I am relaxing after work, sipping a cup of coffee and watching a mindless TV show - Cops. Soon I hear a siren. "Wow, that sounds so real" I say to no one. It gets louder and I realize it is real. There is a cop car in front of my house just sitting there with his/her siren going. In fact there are cop cars at every intersection as far as I can see, and others racing up and down the roads. I think of Marshall Dillon and Festus on horseback, kicking up dust in Dodge looking for Johnny Ringo. I grab my iPhone, turn on my scanner app, and listen to the drama unfold. Of course I pause Cops.
Apparently some medium complexion dude in a red sweatshirt and red shorts is running through my neighborhood with a gun, likely he has just been involved in a shooting. The cops get a tip from someone and descend on a house exactly one block over. Got em! Wait, I just saw this on Cops!
What is crazy about this whole scene isn't the gunman or the cops, it is the two little girls a few doors down, playing on the sidewalk. They don't even look up at the cops racing around the neighborhood, or pay any attention to the sirens. They just keep playing. Obviously the mother isn't paying any attention either. She lets them stay out on the sidewalk, totally exposed to whoever is running loose with a firearm.
The neighbors two doors past the children are out on the swing and in their lawn chairs, drinking coffee. An armed criminal is running around the neighborhood and no one seems to care. Now granted I have a scanner, I know what is happening. But still. Even if I didn't, common sense would tell me to get my children indoors, and my own ass, and lock the door. I am a country girl. I am not comfortable with any of this and I hope I never get comfortable with any of this.
I have been watching Cops lately to learn about some of my neighbors. I see these characters walking up and down my street every day. Every year is different here on Indiana Avenue. A few years ago it was gangs. They left the same year. Then it was pretty peaceful for the next several years. But this one, well, let's just say it is one for the record books. An ex con walks his baby up and down the middle of the street several times a day. He is nice but I have seen some of those tattoos on Lock Up Raw. Then there's the three guys that love to race up and down the street on minibikes, all day long on the weekends. I heard one crying last Saturday morning, he is pushing his battered bike up the sidewalk out of the park, right next to my house. Crashed. "Dog no!" he keeps moaning. Oh, and of course let's not forget my crazy, abusive neighbor. Who knows what he will do on any given day. Right now? Straw bales stacked 10 feet high so he can climb on his roof. Straw bales that are now decomposing.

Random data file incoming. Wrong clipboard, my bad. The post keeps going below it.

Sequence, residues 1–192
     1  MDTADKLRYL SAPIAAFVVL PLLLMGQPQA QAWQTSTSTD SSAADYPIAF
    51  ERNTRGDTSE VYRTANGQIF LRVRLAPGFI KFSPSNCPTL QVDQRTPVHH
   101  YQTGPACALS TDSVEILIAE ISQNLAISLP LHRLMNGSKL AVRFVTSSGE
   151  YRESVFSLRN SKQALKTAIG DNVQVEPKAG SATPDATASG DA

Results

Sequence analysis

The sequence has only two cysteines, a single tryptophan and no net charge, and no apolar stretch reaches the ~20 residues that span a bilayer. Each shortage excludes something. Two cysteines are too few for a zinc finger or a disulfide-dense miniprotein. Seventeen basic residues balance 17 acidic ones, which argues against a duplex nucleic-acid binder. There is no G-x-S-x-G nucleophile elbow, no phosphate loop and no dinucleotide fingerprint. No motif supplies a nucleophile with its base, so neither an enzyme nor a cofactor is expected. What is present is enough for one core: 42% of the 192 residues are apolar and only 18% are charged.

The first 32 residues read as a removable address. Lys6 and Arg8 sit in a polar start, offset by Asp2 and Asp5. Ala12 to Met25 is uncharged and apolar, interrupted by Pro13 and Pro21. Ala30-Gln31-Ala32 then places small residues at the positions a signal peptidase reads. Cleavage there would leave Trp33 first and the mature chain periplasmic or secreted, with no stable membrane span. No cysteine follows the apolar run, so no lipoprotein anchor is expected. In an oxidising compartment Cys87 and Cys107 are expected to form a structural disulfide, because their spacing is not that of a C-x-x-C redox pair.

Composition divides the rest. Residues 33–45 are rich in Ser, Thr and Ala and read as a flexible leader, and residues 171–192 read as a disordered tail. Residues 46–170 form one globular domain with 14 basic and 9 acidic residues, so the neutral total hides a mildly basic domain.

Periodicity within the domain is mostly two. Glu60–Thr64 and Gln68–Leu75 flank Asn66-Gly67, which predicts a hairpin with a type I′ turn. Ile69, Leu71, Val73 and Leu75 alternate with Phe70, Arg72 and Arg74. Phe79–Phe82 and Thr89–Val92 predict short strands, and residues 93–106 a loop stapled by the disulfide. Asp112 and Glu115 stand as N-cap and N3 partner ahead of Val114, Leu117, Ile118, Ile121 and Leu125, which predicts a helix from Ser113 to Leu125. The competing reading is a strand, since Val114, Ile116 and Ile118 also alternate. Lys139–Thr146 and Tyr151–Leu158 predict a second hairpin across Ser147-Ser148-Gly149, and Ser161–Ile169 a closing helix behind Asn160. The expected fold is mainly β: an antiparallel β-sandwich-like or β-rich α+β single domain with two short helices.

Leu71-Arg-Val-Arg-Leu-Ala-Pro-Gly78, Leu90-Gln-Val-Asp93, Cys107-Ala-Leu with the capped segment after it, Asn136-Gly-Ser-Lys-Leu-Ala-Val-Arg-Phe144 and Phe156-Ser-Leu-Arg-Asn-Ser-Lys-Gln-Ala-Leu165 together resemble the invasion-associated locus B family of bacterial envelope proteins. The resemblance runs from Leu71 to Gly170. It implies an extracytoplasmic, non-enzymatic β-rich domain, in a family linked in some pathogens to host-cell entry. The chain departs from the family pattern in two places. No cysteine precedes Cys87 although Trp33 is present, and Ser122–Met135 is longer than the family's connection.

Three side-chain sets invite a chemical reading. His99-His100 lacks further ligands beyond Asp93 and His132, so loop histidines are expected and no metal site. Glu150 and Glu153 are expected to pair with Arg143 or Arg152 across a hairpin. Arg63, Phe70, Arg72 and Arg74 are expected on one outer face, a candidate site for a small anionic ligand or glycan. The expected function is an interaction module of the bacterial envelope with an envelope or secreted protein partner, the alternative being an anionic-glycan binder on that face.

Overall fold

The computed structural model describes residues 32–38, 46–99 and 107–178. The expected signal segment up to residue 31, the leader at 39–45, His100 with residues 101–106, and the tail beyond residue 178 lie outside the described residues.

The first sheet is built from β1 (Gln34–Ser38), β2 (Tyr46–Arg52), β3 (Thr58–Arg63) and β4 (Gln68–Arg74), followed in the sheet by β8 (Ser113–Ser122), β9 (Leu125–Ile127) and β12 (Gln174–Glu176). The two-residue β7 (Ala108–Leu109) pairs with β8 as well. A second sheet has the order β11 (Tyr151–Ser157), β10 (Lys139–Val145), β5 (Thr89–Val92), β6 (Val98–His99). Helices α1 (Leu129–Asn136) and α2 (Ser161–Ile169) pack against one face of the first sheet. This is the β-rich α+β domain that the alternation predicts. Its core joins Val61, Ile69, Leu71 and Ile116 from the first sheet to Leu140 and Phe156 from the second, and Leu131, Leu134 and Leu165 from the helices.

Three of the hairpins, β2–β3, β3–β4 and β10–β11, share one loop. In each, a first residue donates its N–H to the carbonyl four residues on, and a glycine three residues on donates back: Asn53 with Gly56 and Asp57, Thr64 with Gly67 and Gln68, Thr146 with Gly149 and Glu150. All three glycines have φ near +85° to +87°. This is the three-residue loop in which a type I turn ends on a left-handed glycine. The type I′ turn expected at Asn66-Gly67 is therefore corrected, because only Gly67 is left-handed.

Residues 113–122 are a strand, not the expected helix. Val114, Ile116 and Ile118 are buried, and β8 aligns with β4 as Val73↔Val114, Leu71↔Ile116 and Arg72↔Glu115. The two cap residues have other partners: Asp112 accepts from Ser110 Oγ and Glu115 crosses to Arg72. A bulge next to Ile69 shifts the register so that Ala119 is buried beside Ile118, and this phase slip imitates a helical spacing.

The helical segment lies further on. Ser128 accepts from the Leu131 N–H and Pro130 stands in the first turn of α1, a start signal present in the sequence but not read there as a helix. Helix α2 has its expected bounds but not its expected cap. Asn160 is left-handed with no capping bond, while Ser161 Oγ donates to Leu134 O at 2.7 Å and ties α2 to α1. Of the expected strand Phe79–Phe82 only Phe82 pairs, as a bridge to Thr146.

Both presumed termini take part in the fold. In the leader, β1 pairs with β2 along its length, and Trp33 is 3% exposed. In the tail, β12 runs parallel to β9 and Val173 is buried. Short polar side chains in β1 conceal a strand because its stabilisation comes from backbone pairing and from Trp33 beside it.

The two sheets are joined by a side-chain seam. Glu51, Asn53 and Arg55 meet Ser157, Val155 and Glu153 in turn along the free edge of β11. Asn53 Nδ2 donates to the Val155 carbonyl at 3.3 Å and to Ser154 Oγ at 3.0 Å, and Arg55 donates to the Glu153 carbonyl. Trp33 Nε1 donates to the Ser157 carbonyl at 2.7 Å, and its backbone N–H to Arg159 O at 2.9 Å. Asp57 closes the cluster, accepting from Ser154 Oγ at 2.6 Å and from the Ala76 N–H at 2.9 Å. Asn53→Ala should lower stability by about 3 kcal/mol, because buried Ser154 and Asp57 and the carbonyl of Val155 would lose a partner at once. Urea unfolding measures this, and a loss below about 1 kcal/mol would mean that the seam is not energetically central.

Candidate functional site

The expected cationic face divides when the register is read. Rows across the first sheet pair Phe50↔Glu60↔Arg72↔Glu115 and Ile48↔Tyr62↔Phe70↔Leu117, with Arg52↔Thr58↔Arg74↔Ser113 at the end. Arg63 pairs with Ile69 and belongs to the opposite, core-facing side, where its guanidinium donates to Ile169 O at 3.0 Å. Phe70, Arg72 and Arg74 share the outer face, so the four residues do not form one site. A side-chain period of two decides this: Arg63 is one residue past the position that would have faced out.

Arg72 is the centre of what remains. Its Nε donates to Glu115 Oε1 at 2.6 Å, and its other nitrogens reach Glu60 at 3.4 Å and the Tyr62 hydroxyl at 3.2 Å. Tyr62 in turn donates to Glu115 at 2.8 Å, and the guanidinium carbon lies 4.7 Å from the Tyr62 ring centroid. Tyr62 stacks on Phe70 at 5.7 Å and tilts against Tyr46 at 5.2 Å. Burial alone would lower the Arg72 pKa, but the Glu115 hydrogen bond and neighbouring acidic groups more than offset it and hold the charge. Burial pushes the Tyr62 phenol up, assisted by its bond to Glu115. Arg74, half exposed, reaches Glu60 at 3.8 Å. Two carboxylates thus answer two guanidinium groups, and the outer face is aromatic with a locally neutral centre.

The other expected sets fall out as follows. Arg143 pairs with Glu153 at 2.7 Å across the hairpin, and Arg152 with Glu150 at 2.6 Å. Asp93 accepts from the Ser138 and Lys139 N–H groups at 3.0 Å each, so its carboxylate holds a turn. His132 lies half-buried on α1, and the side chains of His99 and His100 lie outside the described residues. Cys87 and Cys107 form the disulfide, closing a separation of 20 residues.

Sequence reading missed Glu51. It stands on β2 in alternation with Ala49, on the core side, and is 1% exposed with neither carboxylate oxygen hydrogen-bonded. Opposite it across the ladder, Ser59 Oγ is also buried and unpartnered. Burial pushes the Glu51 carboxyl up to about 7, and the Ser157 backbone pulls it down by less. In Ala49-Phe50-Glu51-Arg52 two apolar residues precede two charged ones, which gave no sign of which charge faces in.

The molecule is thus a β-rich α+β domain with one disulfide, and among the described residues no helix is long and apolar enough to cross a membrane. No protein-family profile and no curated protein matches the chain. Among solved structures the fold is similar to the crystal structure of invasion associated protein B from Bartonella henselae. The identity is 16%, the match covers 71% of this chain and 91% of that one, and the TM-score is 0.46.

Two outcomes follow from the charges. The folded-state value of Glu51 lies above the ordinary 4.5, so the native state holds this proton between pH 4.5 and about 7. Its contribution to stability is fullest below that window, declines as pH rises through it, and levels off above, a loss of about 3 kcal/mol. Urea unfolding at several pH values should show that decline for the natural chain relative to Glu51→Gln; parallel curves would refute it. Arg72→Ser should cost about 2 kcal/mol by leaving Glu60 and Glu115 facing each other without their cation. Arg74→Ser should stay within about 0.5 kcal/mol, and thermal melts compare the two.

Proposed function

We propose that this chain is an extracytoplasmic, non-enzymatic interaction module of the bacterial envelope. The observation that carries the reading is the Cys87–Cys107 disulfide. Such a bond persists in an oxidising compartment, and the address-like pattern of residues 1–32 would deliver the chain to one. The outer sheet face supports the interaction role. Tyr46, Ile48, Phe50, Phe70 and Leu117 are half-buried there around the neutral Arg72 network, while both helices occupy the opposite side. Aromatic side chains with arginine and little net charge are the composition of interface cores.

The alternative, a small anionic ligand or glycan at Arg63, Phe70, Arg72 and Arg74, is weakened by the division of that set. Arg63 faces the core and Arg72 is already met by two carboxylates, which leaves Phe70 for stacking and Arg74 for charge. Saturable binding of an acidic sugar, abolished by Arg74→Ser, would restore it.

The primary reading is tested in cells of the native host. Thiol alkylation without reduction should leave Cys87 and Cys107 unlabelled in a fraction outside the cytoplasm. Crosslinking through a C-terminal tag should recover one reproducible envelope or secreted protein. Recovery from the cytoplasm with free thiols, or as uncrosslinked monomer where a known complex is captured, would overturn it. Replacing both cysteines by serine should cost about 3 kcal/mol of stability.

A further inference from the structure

Then there are the renters next to him, one guy named Matt staggers over with an almost empty wine bottle, plops down on one of my straw garden bales, and proceeds to talk non-stop about how he used to manage a substance abuse residential treatment center. Really. My friends Sylvia, Lyle (a minister), and I are peacefully trying to make maple sugar and enjoy the night. But wait there's more! Before Matt comes over, a coworker and his son stop by to drop off some logs. I show him around my home, they want to shell some corn with my old 1800's corn grinder, so I let them. In the midst of their joy, bang bang bang someone starts shooting a gun in the park behind my house. I am embarrassed and feel trapped. I can't get out of the city.
Before long, Matt wanders over to me and says "I have a question for you. I have to relieve myself, your know, urine? I didn't just want to, you know, well I don't know all of you very well so I thought I'd ask...". Ask what? Can I piss in your yard? Right in front of you? I tell Matt to go home.
How did I ever end up here?
I have started buying one Powerball ticket every week, hoping I will win so I can buy 200 acres of beautiful land and put a little log cabin or an Airstream right smack in the middle of it. Personally, I am opposed to gambling. Look what I am becoming. But I can't help it. It seems like it is my only hope. Probably the same way some drug dealers think.
I don't belong here.